Thursday, July 13, 2006

After An Impression

artist Roderick MacIver

Thank you all for the nice comments on yesterday's art improvisation.

I'm deep into hauswork responsibilities so far today, preparing for an in-law dinner party, and thinking today's Halfland moment will have to settle for trying a wall panel without the cardboard and hardware cloth, just direct plaster to foam to see how that works. I'll report on how that goes later tonight. Oh boy.

In the meantime, to compensate for the wimpy art action here...

Himself sent me the interesting thoughts below that he received today from Heron Dance, an art and creativity newsletter. If we transpose the ideas from traditional painting onto animation art, the important points still stand. See what you think.

"It's all to easy to get carried away by one's own skill and forget about the picture itself. There are legions of painters who are just too talented to paint good pictures. Being able to do something is never an adequate reason for doing it."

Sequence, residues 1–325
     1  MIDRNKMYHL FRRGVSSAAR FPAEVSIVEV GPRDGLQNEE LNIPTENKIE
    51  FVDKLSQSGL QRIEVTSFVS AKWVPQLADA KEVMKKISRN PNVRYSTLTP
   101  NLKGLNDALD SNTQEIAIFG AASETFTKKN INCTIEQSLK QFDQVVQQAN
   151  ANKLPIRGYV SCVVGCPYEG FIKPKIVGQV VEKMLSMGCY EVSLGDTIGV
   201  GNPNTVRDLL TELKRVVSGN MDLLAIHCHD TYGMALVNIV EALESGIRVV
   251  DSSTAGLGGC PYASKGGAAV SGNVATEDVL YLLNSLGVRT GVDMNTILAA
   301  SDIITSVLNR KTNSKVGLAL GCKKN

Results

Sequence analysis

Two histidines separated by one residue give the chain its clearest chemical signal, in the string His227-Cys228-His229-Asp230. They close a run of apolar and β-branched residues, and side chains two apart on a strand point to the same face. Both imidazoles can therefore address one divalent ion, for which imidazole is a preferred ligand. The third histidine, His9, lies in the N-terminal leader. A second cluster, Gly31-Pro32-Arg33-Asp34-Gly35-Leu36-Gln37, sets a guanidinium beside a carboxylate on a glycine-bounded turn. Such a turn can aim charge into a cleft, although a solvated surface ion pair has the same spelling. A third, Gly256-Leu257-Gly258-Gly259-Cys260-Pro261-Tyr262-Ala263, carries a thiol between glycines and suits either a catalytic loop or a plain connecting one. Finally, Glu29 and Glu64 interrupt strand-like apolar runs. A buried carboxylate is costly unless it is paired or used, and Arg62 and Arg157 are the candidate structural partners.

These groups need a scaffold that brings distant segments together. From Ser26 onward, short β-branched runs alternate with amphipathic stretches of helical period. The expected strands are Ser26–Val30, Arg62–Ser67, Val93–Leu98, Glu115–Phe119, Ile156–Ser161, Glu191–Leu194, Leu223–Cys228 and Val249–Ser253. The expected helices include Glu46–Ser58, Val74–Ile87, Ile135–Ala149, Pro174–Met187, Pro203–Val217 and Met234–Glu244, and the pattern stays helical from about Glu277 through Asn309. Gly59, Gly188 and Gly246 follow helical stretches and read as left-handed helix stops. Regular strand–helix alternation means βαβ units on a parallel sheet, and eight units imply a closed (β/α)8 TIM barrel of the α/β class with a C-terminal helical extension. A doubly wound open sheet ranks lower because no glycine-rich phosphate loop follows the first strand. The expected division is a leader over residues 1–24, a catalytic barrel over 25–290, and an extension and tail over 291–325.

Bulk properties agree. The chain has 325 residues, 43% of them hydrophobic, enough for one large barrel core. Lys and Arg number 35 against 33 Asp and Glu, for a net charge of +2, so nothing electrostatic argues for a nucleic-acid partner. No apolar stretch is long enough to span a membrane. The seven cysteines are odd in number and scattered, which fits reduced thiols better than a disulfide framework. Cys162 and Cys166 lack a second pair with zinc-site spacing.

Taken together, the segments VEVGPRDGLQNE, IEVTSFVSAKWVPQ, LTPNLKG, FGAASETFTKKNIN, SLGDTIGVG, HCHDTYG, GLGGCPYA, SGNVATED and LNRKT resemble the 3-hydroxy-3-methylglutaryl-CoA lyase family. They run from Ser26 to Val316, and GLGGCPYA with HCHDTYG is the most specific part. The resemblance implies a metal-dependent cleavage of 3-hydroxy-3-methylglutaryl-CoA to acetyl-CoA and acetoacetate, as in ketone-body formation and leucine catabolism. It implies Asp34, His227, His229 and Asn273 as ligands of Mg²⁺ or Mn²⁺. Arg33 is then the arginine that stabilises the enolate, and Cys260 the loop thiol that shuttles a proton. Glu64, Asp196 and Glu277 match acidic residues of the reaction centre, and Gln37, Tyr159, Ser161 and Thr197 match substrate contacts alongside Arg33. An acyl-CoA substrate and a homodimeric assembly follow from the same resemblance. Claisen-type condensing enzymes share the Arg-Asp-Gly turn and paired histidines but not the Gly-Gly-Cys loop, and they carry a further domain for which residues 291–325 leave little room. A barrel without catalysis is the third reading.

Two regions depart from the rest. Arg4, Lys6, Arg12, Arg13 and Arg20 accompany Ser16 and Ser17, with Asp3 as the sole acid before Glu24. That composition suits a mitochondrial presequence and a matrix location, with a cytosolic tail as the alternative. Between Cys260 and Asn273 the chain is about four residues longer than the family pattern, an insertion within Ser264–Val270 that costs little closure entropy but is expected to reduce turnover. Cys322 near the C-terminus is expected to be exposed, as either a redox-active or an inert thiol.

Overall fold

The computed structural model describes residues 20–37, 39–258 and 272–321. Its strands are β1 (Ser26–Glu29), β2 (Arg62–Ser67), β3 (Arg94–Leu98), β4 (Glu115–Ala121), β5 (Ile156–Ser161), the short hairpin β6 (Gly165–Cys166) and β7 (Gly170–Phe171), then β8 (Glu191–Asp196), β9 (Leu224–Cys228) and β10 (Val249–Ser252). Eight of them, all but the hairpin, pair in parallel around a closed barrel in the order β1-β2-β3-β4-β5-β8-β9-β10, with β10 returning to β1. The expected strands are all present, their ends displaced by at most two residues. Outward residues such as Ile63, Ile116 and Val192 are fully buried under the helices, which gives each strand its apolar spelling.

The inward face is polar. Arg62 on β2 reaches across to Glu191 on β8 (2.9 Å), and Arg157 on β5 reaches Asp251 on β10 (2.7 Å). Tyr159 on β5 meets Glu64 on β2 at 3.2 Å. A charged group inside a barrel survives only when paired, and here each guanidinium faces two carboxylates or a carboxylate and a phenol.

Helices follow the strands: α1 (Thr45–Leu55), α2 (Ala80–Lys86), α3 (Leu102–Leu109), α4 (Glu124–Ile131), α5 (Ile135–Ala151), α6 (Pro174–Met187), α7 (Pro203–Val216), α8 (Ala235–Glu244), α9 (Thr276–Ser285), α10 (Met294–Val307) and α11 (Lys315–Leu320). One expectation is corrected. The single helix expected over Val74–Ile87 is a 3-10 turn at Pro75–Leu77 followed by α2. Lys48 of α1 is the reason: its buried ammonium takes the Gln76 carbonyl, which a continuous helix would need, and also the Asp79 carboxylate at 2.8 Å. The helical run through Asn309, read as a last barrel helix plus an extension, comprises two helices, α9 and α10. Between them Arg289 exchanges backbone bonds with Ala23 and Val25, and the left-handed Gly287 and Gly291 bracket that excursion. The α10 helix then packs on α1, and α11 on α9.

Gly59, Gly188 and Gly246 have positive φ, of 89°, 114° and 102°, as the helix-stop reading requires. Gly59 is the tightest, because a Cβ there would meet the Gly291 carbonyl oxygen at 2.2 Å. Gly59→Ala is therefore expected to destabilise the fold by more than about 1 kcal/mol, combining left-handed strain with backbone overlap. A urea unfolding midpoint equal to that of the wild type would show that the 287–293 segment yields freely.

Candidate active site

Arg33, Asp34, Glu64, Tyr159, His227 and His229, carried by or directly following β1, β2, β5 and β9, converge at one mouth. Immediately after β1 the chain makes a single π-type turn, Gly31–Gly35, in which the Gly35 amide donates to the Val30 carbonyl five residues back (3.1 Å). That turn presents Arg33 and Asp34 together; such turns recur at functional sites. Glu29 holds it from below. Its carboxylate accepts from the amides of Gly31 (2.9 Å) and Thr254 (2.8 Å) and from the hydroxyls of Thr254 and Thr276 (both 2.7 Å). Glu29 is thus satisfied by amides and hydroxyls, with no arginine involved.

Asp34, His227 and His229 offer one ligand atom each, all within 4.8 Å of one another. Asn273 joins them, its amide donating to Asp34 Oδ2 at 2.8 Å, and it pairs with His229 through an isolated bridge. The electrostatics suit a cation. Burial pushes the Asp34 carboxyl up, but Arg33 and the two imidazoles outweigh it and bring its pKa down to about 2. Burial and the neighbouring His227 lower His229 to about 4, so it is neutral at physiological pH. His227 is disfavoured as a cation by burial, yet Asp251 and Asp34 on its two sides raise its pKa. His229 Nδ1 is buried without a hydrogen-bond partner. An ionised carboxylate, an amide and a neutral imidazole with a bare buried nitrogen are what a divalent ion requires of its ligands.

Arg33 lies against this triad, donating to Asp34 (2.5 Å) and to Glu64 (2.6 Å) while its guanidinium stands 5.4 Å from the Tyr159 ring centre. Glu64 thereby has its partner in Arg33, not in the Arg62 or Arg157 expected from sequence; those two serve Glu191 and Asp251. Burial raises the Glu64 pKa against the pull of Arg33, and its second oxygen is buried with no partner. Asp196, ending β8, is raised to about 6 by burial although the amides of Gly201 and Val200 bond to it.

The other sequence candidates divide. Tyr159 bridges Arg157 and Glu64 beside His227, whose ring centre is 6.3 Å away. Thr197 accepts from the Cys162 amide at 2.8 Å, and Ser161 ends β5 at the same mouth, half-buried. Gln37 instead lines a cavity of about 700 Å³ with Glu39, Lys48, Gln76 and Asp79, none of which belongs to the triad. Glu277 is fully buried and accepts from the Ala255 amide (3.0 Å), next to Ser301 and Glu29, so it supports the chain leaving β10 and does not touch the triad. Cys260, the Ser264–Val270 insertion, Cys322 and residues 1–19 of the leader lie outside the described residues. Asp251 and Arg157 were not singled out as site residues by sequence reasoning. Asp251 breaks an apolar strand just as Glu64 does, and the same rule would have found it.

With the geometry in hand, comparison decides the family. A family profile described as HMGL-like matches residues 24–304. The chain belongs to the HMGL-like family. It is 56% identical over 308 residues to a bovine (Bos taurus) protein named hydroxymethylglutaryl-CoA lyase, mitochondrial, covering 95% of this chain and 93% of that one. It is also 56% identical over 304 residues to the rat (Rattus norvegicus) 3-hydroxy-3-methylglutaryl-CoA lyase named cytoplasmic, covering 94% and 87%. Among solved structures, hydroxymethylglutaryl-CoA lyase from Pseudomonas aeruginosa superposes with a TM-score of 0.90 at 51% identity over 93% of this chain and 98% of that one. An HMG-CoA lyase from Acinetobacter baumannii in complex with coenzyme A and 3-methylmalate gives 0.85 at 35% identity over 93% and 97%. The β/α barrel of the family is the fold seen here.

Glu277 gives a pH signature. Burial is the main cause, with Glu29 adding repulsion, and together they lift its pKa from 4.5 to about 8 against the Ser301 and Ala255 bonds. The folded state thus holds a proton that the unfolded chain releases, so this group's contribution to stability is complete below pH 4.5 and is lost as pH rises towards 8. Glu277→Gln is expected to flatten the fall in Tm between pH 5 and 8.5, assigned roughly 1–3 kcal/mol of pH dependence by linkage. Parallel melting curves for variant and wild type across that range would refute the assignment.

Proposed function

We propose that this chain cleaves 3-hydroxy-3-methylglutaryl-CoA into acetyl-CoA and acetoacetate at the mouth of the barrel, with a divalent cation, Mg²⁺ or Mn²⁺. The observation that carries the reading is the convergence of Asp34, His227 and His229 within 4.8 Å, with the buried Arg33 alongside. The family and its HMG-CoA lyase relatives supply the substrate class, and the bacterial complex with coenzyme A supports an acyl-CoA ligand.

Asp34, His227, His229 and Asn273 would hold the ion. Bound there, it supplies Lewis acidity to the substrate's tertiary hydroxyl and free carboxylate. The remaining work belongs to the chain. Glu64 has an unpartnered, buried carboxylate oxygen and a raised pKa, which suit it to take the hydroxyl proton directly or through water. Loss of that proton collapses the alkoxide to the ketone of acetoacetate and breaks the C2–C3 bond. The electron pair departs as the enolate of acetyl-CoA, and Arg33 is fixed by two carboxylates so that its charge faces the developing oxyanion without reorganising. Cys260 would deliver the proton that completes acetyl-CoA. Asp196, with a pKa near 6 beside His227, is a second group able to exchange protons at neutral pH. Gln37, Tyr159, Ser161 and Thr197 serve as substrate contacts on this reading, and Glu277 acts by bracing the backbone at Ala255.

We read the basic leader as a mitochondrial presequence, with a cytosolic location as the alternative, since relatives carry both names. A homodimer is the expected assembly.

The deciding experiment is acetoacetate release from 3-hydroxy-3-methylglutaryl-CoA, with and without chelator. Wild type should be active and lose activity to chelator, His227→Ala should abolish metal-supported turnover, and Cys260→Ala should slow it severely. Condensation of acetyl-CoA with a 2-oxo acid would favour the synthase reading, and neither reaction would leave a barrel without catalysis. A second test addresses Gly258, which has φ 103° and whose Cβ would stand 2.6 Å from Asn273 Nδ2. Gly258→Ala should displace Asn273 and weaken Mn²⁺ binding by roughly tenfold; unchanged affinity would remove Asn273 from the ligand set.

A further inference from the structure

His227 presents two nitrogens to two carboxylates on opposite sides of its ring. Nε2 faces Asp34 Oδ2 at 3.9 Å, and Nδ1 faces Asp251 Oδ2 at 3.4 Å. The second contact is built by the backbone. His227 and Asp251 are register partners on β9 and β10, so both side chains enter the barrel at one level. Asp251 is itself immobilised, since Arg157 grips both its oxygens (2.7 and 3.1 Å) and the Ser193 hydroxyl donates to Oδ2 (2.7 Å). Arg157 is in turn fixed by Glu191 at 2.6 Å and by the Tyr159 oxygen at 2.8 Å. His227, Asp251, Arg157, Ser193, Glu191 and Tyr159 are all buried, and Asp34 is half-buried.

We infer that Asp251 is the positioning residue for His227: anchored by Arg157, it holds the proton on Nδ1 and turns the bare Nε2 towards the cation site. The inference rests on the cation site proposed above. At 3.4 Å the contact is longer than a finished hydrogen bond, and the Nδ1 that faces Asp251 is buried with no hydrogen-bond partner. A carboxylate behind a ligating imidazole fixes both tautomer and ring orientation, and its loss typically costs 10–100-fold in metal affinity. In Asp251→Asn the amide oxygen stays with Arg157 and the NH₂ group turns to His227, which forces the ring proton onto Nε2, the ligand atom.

--Gerhard Richter from The Daily Practice of Painting

"I knew men who were students at the Academie Julian in Paris, where I studied in 1888, thirteen years ago. I visited the Academie this year (1901) and found some of the same students still there, repeating the same exercises, and doing work nearly as good as they did thirteen years ago."

--Robert Henri from The Art Spirit

"A comment by an expert in art fraud has been on my mind a lot lately. I heard it on an NPR radio show, Studio 360. He is an ex-curator at a major national art museum‚ at the Whitney, I think‚ and now he rents his time out to other museums concerned that they might be exhibiting forged copies.

The comment that has been so much on my mind is that a crucial indication of a forgery is that forgeries are usually much more carefully painted, and much more technically advanced, than the original masterpiece. The forger was a good student. The original artist was after an impression, a spirit, an idea. The forger took pains over his work. The artist painted with a relaxed confidence.

Rodin created wonderful, erotic watercolors, but they were dismissed by prominent artists of the day as amateurish. The paintings communicated his love of the subject and have a wonderful freedom, but they are rough and quick, bold and beautiful."

--Roderick MacIver from Heron Dance;

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